This piece has taken me a while to write. Not because I was extremely influenced or inspired by Chester but rather, because I’ve never looked at Linkin Park other than a great marketed band. Throughout the past couple days since the news broke of Chester’s suicide, I took some time to really delve into Linkin Park and see if there was something I missed. That’s not what this piece is about though. Chester was a guy who put himself out there and that alone stands for something. There are so many people out there that shit on him and the band but, those are the people that never put themselves out there and tried.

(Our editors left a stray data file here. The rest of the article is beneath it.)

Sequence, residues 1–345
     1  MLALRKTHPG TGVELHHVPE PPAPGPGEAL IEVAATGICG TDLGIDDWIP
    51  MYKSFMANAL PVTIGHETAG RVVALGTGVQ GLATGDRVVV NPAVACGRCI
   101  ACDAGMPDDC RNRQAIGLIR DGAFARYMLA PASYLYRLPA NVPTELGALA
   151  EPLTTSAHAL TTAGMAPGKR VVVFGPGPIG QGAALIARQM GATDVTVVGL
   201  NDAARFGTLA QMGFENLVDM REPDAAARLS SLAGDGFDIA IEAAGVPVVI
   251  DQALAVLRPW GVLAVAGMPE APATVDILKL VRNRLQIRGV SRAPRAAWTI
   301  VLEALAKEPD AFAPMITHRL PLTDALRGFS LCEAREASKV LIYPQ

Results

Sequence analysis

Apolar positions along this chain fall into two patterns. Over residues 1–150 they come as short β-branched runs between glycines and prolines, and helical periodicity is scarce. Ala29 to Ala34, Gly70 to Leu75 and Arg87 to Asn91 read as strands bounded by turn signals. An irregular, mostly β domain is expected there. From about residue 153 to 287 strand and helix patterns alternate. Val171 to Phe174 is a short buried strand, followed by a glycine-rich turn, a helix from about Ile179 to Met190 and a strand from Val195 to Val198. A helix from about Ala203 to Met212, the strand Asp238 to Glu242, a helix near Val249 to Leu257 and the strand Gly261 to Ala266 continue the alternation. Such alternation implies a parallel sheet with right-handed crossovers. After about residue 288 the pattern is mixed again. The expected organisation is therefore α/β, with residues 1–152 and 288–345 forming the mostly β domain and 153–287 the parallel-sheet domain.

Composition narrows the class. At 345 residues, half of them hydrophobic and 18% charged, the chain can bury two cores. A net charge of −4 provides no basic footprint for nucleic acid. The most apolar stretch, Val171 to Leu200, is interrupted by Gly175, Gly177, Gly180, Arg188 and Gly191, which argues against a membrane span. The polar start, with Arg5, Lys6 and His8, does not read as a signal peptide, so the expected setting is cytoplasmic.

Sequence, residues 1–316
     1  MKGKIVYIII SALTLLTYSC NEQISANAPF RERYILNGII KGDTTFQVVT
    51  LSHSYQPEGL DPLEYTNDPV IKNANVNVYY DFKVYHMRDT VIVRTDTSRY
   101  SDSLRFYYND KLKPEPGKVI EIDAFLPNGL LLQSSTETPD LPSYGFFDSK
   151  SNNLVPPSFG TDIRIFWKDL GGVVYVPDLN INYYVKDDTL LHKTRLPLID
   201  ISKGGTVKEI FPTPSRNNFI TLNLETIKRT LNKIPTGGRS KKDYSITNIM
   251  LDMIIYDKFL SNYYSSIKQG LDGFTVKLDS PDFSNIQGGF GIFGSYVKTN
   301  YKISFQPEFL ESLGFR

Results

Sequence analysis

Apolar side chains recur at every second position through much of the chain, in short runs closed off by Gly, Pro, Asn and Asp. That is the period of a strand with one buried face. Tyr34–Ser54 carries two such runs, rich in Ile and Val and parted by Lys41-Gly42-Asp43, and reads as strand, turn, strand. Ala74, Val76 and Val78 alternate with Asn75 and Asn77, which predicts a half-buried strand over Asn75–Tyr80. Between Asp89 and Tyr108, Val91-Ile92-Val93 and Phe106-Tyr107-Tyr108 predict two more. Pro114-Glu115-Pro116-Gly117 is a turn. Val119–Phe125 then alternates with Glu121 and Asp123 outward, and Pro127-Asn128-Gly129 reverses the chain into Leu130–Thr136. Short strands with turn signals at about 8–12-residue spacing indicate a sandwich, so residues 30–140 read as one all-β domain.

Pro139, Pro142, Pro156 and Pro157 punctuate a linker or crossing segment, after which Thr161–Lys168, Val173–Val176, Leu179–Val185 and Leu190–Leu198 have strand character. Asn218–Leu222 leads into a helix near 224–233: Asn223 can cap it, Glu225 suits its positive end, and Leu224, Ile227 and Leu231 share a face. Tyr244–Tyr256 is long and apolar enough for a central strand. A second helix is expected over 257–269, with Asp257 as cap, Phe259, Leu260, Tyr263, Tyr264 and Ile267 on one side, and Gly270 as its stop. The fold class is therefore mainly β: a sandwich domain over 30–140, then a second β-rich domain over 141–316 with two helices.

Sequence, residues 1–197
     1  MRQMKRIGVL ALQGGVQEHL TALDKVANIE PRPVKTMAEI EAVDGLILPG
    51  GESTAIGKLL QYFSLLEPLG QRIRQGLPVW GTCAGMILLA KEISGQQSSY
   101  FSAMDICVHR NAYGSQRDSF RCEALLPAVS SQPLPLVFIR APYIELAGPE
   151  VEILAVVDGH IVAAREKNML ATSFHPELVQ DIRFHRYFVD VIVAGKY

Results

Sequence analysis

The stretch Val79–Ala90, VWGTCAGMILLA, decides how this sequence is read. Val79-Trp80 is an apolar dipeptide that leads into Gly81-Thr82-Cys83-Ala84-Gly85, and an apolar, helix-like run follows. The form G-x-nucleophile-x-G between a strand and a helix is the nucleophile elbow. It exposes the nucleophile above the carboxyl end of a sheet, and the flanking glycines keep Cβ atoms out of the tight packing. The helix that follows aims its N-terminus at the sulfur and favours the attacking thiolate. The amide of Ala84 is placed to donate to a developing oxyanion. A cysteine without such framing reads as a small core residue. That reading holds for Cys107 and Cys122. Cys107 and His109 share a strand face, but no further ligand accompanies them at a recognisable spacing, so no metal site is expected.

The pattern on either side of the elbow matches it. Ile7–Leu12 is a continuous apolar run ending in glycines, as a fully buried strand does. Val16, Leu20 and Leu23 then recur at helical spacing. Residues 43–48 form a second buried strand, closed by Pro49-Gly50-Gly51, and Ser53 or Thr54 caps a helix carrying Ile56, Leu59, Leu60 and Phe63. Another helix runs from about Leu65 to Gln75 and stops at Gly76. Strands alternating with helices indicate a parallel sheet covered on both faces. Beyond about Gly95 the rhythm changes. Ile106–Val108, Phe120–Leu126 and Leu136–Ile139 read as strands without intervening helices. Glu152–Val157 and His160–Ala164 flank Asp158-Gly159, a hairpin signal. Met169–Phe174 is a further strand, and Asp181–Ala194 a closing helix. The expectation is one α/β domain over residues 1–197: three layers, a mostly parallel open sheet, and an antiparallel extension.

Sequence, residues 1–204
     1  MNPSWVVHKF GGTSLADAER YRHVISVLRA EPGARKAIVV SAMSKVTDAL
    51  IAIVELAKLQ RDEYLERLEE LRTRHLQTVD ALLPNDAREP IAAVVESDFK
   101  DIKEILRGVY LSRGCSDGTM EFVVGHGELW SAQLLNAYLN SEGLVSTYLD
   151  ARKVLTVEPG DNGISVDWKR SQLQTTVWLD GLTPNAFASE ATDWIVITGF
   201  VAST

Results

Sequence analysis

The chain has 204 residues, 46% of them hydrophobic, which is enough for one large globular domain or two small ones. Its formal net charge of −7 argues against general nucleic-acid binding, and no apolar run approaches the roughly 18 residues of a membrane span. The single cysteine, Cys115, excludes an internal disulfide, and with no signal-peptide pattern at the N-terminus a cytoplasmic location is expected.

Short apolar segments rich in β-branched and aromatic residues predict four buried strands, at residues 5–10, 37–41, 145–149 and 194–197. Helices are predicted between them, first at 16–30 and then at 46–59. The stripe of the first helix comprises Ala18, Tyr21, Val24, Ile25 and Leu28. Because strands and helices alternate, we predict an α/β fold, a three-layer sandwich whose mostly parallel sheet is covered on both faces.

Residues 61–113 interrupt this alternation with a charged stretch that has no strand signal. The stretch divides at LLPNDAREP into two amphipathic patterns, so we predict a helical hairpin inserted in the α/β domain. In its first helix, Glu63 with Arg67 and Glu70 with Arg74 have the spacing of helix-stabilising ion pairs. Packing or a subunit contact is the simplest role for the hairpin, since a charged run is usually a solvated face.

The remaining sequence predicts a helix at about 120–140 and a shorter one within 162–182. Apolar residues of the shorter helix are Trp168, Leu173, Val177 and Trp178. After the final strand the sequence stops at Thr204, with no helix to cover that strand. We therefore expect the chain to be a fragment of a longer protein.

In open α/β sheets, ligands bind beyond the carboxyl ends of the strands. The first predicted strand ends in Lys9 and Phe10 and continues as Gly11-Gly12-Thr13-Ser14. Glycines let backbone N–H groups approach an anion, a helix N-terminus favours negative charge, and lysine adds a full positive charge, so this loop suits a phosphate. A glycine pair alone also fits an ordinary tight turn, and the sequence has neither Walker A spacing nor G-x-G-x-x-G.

Chester was a guy like many of us out there that has struggled with depression, addiction and other demons. Sure he was a celebrity but, that doesn’t change the fact that he was a person just like the rest of us. He suffered for many years with many ups and downs. He laid it all out there with his words and voice. Listening to their songs, you can really hear it in his performance. His desperation and suffering really showed through as the band continued on their journey. Not everyone is going to like the next thing a band does but, sometimes that doesn’t really matter. It’s about where you are in life and how you can continue to better yourself. Recently, Chester took a lot of the criticism of his bands new album One More Light very personally. The comments sections on the internet were full of disgusting negativity about the direction of the album. Chester directly addressed a lot of these critiques and it really got to him. Chester and Chris Cornell were also very good friends, so I’m sure he was struggling to come to terms with Chris’s death as well. It doesn’t matter how deep you try to bury the feelings you don’t want to feel, they tend to always come back and pick at you little by little in some way.